Top News, Articles, and Interviews in Philosophy

Combining Minds: How to Think about Composite Subjectivity

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2021.02.02 : View this Review Online | View Recent NDPR Reviews Luke Roelofs, Combining Minds: How to Think about Composite Subjectivity, Oxford University Press, 2019, 336pp., $78.00 (hbk), ISBN 9780190859053. Reviewed by Eric Schwitzgebel, University of California, Riverside Panpsychism is trending. If you're not a panpsychist, you might find this puzzling. According to panpsychism, consciousness is ubiquitous. Even solitary elementary particles have or participate in it. This view might seem patently absurd -- as obviously false a philosophical view as you're likely to encounter. So why are so many excellent philosophers suddenly embracing it?[1] If you read Luke Roelofs' book, you will probably not become a panpsychist, but at least you will understand. Panpsychism, especially in Roelofs' hands, has the advantage of directly confronting two huge puzzles about consciousness that are relatively neglected by non-panpsychists. And panpsychism's biggest apparent downside, its incredible bizarreness (by the standards of ordinary common sense in our current culture), might not... Read More

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News source: Notre Dame Philosophical Reviews // News

The Parochialism of Metaethical Naturalism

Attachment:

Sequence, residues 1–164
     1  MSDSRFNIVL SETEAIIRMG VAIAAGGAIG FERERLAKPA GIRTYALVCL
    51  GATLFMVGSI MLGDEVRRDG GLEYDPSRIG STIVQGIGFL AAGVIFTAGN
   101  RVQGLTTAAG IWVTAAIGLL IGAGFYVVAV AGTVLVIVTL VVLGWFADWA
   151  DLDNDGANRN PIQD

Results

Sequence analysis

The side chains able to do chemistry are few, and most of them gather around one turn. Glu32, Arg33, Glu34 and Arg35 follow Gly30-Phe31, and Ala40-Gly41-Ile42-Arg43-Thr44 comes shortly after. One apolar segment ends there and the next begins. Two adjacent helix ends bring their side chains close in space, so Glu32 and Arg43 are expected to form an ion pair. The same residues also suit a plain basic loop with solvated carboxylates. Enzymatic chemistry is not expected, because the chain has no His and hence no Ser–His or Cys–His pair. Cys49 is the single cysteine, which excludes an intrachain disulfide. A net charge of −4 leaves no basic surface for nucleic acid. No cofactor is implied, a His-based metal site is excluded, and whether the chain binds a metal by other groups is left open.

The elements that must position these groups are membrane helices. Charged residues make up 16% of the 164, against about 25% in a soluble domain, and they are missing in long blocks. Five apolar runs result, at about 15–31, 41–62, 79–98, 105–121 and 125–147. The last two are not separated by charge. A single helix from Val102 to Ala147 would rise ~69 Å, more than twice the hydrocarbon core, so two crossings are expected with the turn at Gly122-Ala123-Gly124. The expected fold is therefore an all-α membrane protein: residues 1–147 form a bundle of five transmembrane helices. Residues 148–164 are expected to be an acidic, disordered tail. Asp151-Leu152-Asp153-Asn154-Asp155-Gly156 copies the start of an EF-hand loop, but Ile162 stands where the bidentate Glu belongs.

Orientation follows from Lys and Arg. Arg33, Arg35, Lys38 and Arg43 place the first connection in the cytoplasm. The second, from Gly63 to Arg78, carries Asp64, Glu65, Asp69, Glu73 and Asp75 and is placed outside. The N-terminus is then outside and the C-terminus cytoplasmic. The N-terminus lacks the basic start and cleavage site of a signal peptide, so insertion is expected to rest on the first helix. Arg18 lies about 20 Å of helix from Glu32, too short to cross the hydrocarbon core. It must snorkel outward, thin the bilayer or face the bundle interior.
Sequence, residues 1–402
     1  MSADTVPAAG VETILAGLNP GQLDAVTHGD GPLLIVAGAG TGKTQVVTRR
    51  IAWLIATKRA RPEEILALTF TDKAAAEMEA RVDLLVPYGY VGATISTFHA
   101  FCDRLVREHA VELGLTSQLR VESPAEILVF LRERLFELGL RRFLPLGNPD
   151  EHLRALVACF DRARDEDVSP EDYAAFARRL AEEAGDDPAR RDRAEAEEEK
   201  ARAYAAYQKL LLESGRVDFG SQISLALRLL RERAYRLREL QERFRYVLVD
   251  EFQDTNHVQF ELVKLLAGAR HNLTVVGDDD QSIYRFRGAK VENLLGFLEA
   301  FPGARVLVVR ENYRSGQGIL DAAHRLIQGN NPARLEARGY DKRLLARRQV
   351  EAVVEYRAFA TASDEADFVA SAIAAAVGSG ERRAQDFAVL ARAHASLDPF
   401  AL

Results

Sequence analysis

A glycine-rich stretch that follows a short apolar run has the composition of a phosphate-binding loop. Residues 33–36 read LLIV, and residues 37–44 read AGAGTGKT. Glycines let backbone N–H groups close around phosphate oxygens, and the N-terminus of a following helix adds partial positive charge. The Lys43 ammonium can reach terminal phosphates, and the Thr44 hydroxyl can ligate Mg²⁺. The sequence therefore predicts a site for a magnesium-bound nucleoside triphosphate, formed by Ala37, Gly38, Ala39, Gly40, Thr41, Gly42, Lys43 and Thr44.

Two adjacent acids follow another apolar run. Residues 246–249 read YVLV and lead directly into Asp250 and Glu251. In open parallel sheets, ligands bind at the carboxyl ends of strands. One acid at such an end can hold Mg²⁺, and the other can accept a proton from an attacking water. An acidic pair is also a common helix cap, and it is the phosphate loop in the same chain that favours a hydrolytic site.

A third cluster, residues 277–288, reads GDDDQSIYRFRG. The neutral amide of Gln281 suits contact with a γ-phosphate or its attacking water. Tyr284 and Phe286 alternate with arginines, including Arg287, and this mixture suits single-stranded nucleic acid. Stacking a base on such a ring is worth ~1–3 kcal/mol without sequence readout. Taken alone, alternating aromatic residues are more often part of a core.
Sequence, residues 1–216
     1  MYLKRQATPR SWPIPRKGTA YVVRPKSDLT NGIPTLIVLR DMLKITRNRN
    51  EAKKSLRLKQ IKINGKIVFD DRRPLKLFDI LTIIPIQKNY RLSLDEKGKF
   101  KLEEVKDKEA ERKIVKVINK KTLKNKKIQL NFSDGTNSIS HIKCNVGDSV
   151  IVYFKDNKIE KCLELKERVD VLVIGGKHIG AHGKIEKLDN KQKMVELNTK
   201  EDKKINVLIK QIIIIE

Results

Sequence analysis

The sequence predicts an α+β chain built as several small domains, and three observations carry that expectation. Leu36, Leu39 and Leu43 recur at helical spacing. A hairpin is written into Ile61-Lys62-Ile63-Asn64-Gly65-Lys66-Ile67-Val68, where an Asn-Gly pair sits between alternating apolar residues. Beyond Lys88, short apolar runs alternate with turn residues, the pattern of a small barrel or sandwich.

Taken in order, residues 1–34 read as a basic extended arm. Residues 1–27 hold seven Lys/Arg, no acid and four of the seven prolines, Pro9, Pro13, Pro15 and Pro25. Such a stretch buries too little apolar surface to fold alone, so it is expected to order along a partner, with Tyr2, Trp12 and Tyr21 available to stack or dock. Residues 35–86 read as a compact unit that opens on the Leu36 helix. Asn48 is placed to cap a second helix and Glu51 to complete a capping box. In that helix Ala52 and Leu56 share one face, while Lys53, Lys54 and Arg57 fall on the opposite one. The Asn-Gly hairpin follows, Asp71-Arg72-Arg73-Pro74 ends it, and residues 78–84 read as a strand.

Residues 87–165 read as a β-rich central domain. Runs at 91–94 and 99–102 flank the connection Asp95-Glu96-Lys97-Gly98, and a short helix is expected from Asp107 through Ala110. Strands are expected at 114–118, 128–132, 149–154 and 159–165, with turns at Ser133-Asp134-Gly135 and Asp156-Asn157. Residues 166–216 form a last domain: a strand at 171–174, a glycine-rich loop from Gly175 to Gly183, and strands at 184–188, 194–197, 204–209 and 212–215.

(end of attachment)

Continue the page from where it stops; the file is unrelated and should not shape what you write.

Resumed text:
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I've previously suggested that naturalism can't account for substantive boundary disputes (and I mean to turn that into a proper paper sometime soon).  But as I've been working on my Moral 2-Dism paper I've found another sense in which metaethical naturalism entails a troubling kind of parochialism.  It's this: to avoid the Open Question Argument, naturalists now hold that there is an a posteriori identity between certain moral and natural properties (on the model of water and H2O).  This entails that moral terms are 2-D asymmetric, i.e. have differing primary and secondary intensions.  This in turn means that what our moral terms pick out at a world may differ depending on whether we consider the world 'as actual' or 'as counterfactual'. But this is objectionably parochial: (our assessments of) the moral facts should not differ depending on our location in modal space.Compare 'water'.  On Twin Earth, the watery stuff is something other than H2O.  Given that our watery stuff is H2O, we judge that Twin Earth lacks water.  But suppose an oracle informs you that you've been deceived: actually you've been on Twin Earth all along, and the actual watery stuff of your acquaintance has never been composed of H2O.  You'll now reconsider, and judge that Twin Earth (but not H2O-Earth) has water. Our 'water'-judgments are, in this way, "parochial": they depend upon our (historical) location in modal space.  We may need to revise them upon revising our beliefs about which possible world is actual.  And that seems fine for the term 'water'.  Natural kind terms are inherently parochial, insofar as they're about those kinds of things we found around here.Ethics should not be so parochial. In principle, we can assess the normative truths Ni that apply to any given possible world Wi: "If Wi, then Ni."  Such conditional normative judgments must be a priori if knowable at all: they should not suddenly jump. . .